"Even if my concerns prove totally unfounded," the Talbott Station CO continued, "and, to be honest, nothing would please me more than to see exactly that happen, New Tuscany is still going to be one of our more potentially sensitive concerns. The disappearance of the various protective tariffs and other trade barriers here in the Quadrant is going to have a significant impact on local shipping patterns, and New Tuscany is probably going to be one of the major outside players in those patterns, at least in local terms. We're going to have to be careful about how we handle New Tuscan-registry merchant vessels, and I won't be a bit surprised if we encounter all kinds of customs disputes. So we're going to require at least some naval presence permanently in the vicinity of New Tuscany, Marian, Scarlet, and Pequod."

"Yes, Sir," Michelle agreed.

Khumalo started to say something more, but Shoupe cleared her throat quietly. He glanced at her, and she tapped one fingertip on her chrono.

"Point taken, Loretta," he said with a smile, and returned his attention to Michelle.

"What Captain Shoupe has just tactfully reminded me of is that dinner engagement with Baroness Medusa I mentioned to you. She's expecting us in Thimble in about three hours, and I imagine you and Captain Armstrong would like to return to Artemis to prepare. Mess dress, I'm afraid, since Prime Minister Alquezar will also be present. And the baroness also asked me to extend an invitation to all of your captains and their senior officers."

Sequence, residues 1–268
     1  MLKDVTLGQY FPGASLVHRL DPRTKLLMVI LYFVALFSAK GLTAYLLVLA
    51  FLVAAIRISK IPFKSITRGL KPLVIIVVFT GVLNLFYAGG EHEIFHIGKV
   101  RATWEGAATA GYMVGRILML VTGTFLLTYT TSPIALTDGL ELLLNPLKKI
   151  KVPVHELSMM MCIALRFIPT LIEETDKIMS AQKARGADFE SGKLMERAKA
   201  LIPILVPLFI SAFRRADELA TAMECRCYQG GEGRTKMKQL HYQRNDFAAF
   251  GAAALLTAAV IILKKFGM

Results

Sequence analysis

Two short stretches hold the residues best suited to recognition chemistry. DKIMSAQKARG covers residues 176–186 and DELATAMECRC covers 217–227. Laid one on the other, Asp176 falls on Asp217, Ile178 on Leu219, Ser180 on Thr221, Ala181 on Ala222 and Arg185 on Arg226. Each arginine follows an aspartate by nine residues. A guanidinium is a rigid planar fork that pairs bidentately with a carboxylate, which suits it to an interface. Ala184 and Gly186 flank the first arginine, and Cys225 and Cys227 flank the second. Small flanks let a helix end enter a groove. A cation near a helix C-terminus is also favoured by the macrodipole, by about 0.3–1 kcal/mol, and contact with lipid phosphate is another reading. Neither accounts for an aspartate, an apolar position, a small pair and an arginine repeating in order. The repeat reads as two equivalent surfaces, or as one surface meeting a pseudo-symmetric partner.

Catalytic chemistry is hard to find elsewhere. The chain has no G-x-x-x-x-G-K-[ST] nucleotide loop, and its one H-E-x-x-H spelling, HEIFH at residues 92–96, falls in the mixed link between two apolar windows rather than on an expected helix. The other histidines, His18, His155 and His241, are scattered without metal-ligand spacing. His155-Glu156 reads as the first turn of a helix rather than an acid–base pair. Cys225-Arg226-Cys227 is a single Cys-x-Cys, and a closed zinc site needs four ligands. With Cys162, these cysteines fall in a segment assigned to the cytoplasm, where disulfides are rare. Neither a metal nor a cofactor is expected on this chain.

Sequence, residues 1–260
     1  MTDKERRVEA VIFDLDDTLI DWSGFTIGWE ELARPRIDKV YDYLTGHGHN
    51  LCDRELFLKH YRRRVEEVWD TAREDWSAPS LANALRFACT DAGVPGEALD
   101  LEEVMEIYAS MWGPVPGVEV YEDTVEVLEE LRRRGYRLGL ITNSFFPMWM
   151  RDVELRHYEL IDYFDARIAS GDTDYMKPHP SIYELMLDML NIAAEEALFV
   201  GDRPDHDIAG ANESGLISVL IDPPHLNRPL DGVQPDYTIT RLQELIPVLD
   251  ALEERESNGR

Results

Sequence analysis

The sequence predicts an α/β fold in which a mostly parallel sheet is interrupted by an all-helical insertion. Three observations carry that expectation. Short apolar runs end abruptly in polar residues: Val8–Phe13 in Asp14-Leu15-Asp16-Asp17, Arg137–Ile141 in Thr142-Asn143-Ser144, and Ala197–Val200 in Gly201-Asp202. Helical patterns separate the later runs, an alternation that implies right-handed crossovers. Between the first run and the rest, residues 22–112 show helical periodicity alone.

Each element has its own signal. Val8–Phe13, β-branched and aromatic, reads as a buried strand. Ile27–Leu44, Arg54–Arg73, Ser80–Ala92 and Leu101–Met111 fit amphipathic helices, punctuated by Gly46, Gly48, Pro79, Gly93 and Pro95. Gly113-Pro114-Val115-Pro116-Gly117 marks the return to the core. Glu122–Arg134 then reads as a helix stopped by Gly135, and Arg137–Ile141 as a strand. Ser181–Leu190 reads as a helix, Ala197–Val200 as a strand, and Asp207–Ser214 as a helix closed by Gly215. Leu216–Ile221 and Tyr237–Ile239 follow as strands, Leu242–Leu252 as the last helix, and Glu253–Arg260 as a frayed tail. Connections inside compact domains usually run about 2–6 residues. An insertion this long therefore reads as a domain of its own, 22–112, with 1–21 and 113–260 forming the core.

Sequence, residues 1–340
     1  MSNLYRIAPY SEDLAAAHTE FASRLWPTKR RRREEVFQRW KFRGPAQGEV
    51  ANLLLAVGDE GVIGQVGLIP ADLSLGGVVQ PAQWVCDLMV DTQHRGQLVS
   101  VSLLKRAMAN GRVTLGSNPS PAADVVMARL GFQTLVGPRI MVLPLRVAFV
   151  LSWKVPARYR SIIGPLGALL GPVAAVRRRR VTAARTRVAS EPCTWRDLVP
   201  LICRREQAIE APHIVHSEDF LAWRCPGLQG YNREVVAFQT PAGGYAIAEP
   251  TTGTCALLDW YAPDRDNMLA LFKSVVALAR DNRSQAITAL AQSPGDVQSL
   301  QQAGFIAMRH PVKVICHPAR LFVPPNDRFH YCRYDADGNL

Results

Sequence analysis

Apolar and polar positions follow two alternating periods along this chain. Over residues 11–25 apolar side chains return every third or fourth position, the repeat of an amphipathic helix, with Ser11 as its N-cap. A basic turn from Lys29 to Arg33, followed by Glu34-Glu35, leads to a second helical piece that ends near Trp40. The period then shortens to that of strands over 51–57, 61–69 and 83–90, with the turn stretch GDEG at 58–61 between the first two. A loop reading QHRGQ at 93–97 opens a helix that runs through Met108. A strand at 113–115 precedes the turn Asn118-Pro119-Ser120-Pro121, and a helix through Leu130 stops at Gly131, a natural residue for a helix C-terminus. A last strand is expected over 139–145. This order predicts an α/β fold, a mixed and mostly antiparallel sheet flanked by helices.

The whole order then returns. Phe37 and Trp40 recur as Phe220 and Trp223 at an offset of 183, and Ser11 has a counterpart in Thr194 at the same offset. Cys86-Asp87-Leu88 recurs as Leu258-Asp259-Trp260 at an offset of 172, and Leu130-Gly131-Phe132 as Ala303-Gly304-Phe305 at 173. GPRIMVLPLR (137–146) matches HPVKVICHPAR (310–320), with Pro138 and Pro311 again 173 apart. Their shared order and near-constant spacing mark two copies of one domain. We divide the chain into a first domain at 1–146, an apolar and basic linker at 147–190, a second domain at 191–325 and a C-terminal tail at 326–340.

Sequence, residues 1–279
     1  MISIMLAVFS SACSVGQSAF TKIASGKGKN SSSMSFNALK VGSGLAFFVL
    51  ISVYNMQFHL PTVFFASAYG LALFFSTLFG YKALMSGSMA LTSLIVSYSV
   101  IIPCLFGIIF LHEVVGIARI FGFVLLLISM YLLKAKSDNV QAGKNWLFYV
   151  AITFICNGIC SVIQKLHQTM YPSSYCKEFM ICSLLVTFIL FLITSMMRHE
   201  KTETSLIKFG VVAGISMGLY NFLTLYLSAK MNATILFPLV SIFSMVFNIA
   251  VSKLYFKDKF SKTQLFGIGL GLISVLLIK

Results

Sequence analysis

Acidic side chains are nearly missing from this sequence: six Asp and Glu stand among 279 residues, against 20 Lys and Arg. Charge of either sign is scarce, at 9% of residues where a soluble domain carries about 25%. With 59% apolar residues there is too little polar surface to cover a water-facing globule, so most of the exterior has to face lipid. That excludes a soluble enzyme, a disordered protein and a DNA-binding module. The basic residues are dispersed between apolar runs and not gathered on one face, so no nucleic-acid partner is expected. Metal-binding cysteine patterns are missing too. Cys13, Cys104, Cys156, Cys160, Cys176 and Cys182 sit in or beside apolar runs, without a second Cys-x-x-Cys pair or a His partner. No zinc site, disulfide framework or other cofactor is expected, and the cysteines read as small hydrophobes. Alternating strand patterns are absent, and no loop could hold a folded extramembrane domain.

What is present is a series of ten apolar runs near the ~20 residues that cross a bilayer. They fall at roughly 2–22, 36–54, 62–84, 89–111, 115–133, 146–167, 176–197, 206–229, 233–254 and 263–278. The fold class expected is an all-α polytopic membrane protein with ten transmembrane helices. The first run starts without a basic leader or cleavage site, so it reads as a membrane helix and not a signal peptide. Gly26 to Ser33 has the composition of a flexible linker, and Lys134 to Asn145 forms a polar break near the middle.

"That's rather a large number of people Sir," Michelle pointed out diffidently, and he chuckled.

"Believe me, Milady, Baroness Medusa is aware of that. She has rather a large banquet room in her official residence, and I believe she visualizes this as an opportunity for the Prime Minister and several other important local political figures to meet your personnel. She sees it as a major first step in fostering their confidence in us, and I think she has a point."

"That makes perfectly good sense to me, Sir. As long as she's got that large banquet room to fit us all into."

"I believe we'll manage, Admiral Gold Peak," Khumalo assured her.

Chapter Fifteen

"And this, Admiral Gold Peak, is Prime Minister Alquezar," Lady Dame Estelle Matsuko, Baroness Medusa, and Her Majesty Elizabeth III's Imperial Governor for the Talbott Quadrant, said. "Prime Minister, Countess Gold Peak."

"Welcome to the Quadrant, Countess," the red-haired, improbably tall and slender Alquezar said, shaking Micehlle's hand with a smile. Despite the low-gravity homeworld which had produced his physique, his grip was firm and strong. Then he glanced over her shoulder at Khumalo, and his smile took on a wicked edge. "It's one of my traditions to ask newly arrived officers in Her Majesty's Navy for their impression of the Cluster's political complexion."

Khumalo smiled back at the Prime Minister, shaking his head, and Baroness Medusa chuckled.

"Now, now, Joachim! None of that," she admonished. "You promised you were going to behave yourself tonight."

"True." Alquezar nodded gravely. "On the other hand, I am a politician."

"And the sort of politician who gives other politicians a bad name," another man said. Michelle recognized him from the newsfaxes. He was shorter than Alquezar—who had to be at least a full two meters tall—but still considerably taller than Michelle. He was also fair-haired and blue-eyed, and his Standard English had a distinctly different accent from Alquezar's.

"Well, of course, Bernardus," Alquezar said to him. "Now that I've been able to secure my grip on power, it's time for my megalomania to begin coming to the surface, isn't it?"

"Only if you really like being chased around Thimble by assassins," the fair-haired man said. "Trust me—I'm sure I can find a dozen or so of them if I really need to."